Others aren’t convinced that luxury budgets have a higher purpose. “Wharton encourages extravagant spending,” one student said anonymously in Bloomberg Businessweek’s survey, calling the spending “toxic.” Wrote the student: “The mentality is that we’ll be rich eventually, so why not spend a ton of money now while we’re in debt.”

Two years at a top business school costs around $100,000 in tuition, and students at these programs have even more debt than their peers, who are also heavily indebted. At Dartmouth University’s Tuck School of Business, the median debt load for students was $90,000, including student loans, credit card debt, and personal debt, twice as high as the median of $40,000 at all U.S. schools. Wharton students said their median debt was $66,000.

That said, perhaps the investment pays off, as Poets & Quants notes:

For Harvard and Stanford MBAs, in fact, starting salaries and bonuses were the lowest they have been in the past three years. HBS grads landed jobs paying $138,346, down from $142,501 in 2012, while Stanford MBAs took jobs that on average paid $137,525, down from $140,459.

In contrast, Wharton grads were paid a record $141,243 last year, nearly $4,000 more than Stanford MBAs. Dartmouth Tuck grads left the school’s Hanover, New Hampshire campus with average salary and bonus of $139,036—more than $1,500 extra.

Nice work, if you can get it.

We can agree that offensive jokes have no place among thoughtful people, but it is a stretch to go from that assertion to determining that an inappropriate comment deserves the intervention of the College’s Office of Pluralism and Leadership (OPAL).

The Foundation for Individual Rights in Education thinks so, too. The watchdog organization gives the College a Yellow Light rating for OPAL’s policing policies in the area of mildly offensive speech, versus our overall green light rating for protecting free speech:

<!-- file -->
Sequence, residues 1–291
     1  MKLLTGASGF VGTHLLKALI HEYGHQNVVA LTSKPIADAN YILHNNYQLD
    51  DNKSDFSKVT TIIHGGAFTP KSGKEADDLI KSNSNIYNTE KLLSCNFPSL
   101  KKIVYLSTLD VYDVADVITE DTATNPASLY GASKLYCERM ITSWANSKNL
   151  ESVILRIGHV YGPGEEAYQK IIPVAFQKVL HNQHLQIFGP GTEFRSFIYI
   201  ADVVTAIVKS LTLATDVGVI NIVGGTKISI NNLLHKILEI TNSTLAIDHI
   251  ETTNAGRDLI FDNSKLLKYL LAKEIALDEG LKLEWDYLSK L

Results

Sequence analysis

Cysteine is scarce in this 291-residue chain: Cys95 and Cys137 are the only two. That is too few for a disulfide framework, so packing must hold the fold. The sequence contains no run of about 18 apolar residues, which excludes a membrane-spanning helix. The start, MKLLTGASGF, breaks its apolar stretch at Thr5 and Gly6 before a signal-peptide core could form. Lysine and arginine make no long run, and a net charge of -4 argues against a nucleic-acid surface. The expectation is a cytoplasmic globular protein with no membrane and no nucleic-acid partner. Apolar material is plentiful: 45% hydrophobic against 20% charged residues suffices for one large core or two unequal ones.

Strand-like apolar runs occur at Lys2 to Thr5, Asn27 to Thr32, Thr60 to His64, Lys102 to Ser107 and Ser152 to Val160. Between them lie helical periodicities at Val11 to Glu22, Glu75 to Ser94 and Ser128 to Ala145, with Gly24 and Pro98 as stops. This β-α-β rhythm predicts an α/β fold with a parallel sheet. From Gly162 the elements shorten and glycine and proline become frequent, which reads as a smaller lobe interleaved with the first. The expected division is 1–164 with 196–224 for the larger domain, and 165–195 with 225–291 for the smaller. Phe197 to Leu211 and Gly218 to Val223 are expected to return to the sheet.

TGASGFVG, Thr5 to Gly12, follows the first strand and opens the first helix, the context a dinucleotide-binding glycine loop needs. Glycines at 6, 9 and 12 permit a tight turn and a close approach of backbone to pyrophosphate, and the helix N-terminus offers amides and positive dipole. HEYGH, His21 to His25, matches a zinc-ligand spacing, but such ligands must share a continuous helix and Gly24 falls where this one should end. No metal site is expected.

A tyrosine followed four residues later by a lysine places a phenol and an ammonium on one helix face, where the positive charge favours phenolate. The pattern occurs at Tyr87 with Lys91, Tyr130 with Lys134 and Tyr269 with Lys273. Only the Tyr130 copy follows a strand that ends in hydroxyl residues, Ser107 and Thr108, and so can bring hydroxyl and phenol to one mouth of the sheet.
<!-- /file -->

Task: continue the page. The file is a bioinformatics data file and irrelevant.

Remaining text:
OPAL Speech Code FIRE.jpg

When the petition trustees won their initial elections in in 2004 and 2005, they campaigned against the College’s burdensome enforcement of speech codes, and after their election, the Wright administration rolled back the egregious rules about speech. However OPAL’s new rules seem to represent backsliding.

Once again, we can agree that certain types of expression are unacceptable among adults, but might we also agree that spoken and written words are protected from censorship. As has been said many times, the remedy for speech that offends is more speech: thoughtful, intelligent, even forcefully expressed arguments as to why even mildly offensive comments in various forms can wound people. But that response should be the end of it.

A little more than two years ago, an insensitive undergraduate made fun of two Chinese students who were speaking together in their native tongue; he let forth a stream of gibberish that was his attempt at mock Chinese. Funny? Not to the Chinese students. To the point that they filed a complaint with OPAL and the Bias Incident Response Team (BIRT, I kid you not). S&S was charged with hunting the perpetrator down, and a College spokesman said that if found, the miscreant might well be expelled.